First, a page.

The two final provisions of the new Arbitration Law are not based on the UNCITRAL Model Law. First, the new Law provides for the confidentiality of arbitration proceedings. In court proceedings relating to the arbitration, only the parties and their counsel will be permitted to have access to the arbitration files. However, absent an agreement to the contrary, the award itself will be public, although it will identify the parties only by their initials. Second, the Law includes a broad definition of arbitrability providing that the parties are free to submit any dispute to arbitration in conformity with the applicable civil and commercial rules.
With the new Arbitration Law, Costa Rica aspires to become a regional hub for international commercial arbitration. Several countries in the region (Guatemala, Honduras and Nicaragua) have arbitration laws that are based on the 1985 UNCITRAL Model Law, although none have yet managed to establish themselves as a credible seat for international arbitrations. Panama, which enacted a new arbitration law in 1999, is currently the only other country on the isthmus with the ambition and potential to develop into a regional hub for international arbitration over the next decade.
Costa Rica has much to recommend itself as a seat: political stability, legal security, a sophisticated judiciary and bar, active arbitration institutions, good flight connections within the region and the rest of the Americas and – for arbitral tourists – a geography unparalleled in its beauty. While the adoption of the new Arbitration Law has been an important first step, Costa Rica still has a long way to go to establish itself as a reliable seat. Above all, its courts will need to prove that they are able to successfully make the transition from the particularities of domestic arbitration, which in many respects continues to resemble domestic litigation proceedings, to the arena of international commercial arbitration and to develop a consistent pro-arbitration jurisprudence firmly rooted in the new Law and the New York Convention.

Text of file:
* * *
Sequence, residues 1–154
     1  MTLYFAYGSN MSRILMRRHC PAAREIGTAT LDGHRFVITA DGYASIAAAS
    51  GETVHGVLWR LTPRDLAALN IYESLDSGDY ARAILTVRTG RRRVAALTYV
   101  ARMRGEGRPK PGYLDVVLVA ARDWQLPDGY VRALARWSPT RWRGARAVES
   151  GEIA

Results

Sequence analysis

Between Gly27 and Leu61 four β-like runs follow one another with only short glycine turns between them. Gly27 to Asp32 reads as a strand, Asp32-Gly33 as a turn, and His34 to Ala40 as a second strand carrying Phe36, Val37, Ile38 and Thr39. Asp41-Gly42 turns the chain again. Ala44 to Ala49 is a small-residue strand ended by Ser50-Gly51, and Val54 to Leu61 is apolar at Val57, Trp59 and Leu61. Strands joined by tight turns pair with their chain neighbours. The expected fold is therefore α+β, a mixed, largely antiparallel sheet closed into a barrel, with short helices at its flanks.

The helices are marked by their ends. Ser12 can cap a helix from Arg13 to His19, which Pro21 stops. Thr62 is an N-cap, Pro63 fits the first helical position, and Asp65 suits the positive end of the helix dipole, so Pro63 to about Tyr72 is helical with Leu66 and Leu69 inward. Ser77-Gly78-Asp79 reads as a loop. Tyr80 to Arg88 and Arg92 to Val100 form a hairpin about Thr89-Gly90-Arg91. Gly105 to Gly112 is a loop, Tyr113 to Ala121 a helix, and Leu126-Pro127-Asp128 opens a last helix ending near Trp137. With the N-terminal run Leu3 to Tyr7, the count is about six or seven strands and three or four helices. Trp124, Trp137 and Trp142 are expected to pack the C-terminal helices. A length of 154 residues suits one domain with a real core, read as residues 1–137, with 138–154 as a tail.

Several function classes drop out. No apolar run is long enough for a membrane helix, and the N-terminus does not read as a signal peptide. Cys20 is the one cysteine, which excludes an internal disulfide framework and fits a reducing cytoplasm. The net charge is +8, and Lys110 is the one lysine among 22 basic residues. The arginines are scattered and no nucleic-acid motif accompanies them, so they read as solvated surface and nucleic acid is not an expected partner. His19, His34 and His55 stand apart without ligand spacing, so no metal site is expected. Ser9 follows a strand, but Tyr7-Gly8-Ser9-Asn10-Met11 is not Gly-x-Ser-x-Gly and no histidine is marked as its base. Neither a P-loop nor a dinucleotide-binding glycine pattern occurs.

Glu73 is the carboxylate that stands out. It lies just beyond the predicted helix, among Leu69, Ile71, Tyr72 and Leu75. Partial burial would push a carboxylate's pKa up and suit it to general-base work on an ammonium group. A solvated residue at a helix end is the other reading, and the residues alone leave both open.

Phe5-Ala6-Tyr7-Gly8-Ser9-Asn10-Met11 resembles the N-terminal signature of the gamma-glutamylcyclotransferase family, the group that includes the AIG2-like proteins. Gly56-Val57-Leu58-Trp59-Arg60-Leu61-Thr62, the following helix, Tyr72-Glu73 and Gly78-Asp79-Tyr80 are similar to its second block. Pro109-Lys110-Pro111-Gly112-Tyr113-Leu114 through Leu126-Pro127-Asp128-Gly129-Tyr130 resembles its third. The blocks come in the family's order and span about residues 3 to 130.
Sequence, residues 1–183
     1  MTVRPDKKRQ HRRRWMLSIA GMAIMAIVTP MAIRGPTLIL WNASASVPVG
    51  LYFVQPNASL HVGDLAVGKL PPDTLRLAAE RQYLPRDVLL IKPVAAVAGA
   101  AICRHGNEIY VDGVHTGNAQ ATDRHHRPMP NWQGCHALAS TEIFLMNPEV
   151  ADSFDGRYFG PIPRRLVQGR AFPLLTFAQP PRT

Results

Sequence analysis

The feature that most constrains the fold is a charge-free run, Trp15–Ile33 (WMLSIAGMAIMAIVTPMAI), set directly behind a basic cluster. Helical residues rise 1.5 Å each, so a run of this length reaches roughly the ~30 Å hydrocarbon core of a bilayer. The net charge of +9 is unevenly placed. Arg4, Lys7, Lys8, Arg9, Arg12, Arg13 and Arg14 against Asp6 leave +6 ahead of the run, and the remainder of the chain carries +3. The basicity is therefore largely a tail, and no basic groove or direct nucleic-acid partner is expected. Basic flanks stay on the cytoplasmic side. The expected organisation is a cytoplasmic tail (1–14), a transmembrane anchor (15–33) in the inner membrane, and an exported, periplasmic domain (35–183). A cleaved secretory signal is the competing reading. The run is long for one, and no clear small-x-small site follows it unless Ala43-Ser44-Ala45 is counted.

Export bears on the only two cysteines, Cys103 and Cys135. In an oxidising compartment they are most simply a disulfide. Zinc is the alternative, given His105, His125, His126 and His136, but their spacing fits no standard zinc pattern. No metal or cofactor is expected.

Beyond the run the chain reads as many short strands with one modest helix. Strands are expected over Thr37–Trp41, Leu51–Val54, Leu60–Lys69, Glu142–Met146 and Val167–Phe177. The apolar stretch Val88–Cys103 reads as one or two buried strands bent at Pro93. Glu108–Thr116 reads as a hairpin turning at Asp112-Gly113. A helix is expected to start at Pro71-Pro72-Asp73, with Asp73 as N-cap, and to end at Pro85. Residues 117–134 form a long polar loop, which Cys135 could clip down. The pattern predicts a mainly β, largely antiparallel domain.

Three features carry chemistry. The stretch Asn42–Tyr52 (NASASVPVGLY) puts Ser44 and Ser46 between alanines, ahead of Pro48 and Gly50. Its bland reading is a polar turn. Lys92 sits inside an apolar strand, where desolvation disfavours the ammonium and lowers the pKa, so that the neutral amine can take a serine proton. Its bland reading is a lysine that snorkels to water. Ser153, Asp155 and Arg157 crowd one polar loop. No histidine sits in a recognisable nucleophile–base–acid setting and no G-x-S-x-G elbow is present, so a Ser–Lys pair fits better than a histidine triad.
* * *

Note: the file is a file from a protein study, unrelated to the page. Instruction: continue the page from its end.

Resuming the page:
To make sure you do not miss out on regular updates from the Kluwer Arbitration Blog, please subscribe here. To submit a proposal for a blog post, please consult our Editorial Guidelines.

Kluwer Arbitration
This page as PDF


  1. As a Costa Rica arbitrator, I am looking forward to have our country as the regional hub for international arbitration. Even though our domestic arbitration law was an obstacle for international arbitration, we have several arbitrators and law firms with good experience in international arbitration and looking forward to get in to the new international arbitration process.

    1. Good post Dietmar! For practitioners wishing to fix Costa Rica as the seat in their arbitration clauses, remember to include privacy of the award, should this be desired. Although it is difficult to see how Article 37 on Confidentiality will be implemented (who will publish the awards and where – and how this will be supervised), it is preferable to play on the safe side.

Leave a Reply

Your email address will not be published. Required fields are marked *

This site uses Akismet to reduce spam. Learn how your comment data is processed.